Level: Advanced (Level 3)Awarding Body: Edexcel
Why study History?
The key reason for studying History is that it is fascinating, but it is also crucial for understanding the world around us. History has shaped all aspects of our lives and its influence can be seen all around us in our politics, architecture, food, literature, television. The History course at St Charles focuses on conflict and the clash of cultures, and their impact on politics and society. You will study the conquest of England by the Normans, the struggle between the West and divided Islam in the Crusades, and Germany from unification in 1871 to the reunification of East and West Germany in 1990.
Studying History at A Level provides excellent preparation for degree studies. It helps to develop research skills, as students are required to research independently using books, articles and source material. All examination is through essay-writing, and the course aims to help students to develop their skills in producing balanced, structured and convincing arguments. You will also be required to critically assess both historical evidence and the opposing interpretations advance by different historians.
What can it lead to?
History A Level qualifies students for a range of History-related degrees, such as American or African studies, Archaeology, and other humanities and social sciences like Philosophy, Politics or Economics.
History develops a range of skills which are valued by employers:
- communicate complex ideas and information
- research and evaluate evidence - make balanced judgements on the basis of incomplete and conflicting evidence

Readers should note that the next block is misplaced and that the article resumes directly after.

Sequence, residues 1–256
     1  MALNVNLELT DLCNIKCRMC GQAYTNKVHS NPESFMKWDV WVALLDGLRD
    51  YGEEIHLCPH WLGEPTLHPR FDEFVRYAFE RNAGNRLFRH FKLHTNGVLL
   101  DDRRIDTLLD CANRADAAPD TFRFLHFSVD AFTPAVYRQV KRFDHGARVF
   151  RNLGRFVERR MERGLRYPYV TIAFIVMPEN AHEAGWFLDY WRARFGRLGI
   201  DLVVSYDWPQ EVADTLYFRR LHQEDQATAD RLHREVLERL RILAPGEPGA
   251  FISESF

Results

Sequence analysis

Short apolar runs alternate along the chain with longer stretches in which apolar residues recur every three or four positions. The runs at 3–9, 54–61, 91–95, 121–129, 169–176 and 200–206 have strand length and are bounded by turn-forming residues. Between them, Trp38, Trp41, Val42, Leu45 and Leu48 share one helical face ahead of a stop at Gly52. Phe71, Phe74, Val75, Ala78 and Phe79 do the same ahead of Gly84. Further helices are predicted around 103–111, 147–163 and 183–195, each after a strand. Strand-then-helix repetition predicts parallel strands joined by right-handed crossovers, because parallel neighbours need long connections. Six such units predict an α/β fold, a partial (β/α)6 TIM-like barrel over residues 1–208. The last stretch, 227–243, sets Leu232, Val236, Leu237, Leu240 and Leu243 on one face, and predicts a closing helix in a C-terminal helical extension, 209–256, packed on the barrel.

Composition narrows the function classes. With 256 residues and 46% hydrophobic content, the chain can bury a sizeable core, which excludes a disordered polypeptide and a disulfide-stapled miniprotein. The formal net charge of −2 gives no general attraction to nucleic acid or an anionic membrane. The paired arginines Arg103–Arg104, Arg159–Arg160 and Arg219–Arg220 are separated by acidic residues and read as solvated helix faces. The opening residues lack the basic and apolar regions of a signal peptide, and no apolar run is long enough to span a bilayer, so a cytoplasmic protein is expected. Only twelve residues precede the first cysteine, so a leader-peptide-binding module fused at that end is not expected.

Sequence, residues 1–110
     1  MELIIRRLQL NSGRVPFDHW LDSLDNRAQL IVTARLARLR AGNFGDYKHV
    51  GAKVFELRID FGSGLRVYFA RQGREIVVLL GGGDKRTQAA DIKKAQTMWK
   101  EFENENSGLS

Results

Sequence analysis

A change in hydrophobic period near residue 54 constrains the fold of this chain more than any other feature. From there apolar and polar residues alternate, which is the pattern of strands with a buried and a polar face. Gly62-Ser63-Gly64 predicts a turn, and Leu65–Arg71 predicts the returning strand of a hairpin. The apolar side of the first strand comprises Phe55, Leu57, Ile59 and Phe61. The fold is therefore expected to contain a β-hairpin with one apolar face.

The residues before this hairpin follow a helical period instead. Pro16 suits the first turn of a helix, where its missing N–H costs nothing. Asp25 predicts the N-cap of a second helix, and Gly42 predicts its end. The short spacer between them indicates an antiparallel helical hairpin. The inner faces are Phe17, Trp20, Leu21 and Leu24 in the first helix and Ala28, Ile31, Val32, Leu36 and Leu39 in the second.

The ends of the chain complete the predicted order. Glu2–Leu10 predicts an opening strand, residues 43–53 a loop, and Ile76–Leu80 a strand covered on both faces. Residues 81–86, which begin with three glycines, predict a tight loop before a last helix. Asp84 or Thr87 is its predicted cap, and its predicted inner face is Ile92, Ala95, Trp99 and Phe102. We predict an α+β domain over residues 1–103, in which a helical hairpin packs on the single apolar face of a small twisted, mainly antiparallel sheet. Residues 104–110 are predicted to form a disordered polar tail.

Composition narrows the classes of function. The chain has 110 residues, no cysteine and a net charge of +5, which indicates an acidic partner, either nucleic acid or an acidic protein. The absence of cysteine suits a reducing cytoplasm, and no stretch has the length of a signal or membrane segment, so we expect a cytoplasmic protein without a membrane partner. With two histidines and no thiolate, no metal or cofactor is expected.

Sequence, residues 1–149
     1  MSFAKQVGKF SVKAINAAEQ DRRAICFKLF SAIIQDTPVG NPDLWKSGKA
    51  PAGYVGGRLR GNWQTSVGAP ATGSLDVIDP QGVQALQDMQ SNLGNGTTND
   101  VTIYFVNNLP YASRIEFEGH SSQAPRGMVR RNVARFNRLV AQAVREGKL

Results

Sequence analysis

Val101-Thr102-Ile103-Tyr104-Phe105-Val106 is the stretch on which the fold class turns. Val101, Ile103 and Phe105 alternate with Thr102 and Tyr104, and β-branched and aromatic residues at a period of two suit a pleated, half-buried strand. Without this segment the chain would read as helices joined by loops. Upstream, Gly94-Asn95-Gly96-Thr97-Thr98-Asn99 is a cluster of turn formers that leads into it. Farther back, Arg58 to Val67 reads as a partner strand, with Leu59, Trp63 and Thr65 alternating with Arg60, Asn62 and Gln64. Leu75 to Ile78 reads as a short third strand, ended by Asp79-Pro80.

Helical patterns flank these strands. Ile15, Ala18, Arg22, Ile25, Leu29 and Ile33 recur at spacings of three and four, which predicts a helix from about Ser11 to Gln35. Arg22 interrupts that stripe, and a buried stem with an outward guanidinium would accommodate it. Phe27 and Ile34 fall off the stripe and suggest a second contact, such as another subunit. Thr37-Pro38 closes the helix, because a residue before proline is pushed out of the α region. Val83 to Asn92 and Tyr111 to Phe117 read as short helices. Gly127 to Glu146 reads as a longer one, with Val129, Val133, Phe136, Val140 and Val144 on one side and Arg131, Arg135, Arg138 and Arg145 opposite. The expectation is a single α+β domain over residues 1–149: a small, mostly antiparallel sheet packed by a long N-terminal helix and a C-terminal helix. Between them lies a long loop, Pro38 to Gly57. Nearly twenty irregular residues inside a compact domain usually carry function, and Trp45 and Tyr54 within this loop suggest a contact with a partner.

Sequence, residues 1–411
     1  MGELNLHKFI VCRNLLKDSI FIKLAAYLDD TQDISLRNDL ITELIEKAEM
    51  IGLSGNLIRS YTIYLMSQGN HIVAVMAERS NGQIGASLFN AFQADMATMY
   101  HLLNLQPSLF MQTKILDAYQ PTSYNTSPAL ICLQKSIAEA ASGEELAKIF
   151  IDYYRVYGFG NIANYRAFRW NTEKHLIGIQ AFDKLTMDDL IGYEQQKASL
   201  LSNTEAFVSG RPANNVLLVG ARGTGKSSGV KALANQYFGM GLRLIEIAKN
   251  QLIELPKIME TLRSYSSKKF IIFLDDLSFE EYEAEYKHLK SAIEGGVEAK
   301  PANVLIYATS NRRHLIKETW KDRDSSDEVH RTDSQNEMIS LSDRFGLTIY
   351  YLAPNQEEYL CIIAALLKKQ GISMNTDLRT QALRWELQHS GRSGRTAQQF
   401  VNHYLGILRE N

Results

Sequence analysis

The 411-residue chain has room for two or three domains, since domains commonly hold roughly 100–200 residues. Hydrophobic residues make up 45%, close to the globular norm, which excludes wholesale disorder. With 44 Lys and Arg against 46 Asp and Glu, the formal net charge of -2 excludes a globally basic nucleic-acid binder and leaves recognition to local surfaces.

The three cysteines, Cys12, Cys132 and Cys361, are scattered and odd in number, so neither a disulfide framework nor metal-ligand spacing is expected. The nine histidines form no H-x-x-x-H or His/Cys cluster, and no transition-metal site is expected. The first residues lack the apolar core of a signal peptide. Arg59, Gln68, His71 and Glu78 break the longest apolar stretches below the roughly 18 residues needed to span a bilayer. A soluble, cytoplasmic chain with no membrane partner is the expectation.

- develop reasoned arguments
History develops understanding of other values and cultures, which is important in an increasingly globalized and multi-cultural world.
History graduates can, of course, work in education, in museums and archives and in the heritage industry, but are also strongly represented in these areas: Media, publishing, film and entertainment, Journalism, Local and national government, NGOs/ charities, Think tanks, Law and Management consultancy
How is the course organised.?
A Level – two year course Components 1 and 2: Route A: Conquest, control and resistance in the medieval world 1.
Breadth study with interpretations: The Crusades, 1095-1204 2.
Depth study: Anglo-Saxon England and the Anglo Norman Kingdom, 1053-1106 3.
Themes in breadth with aspects in depth: The British experience of warfare, 1790-1918 4. Coursework
How is the course assessed.?
Internal Assessment Students regularly submit work – usually in the form of essays – which is formally assessed in line with Exam board criteria.
Students are required to assess their own work before submission using relevant cover sheets, and will receive detailed written and oral feedback. Marks will be recorded on the e-markbook to enable students to monitor their progress.
1. The Crusades Exam: 2 hours 15 minutes. 30% of A Level
2. Anglo-Saxon and Norman England Exam: 1 hour 30 minutes. 20% of A Level
3. Germany, 1871-1989: Exam: 2 hours 15 minutes. 30% of A Level
4. Coursework Maximum 4,000 words. 20% of A Level
What do I need to qualify for this course?
You do not need to have studied History at GCSE, but you must have grade 4 (C) or above in English Language GCSE. It is important that you enjoy reading – History is still very much based around books – and that you have a genuine interest in investigating the past.
Who are the teachers?
The head of History is Roger Riley
You will be asked to make a contribution towards a textbook for the course: you will find a very wide range of extra materials on the VLE and in the college library. We shall be organizing museum visits relevant to the course (Including the Museum of London and the National Army Museum), as well as attending Sixth Form study conferences. The department has established links with a number of universities, including Queen Mary University of London and SOAS, where our students can attend lectures and taster days.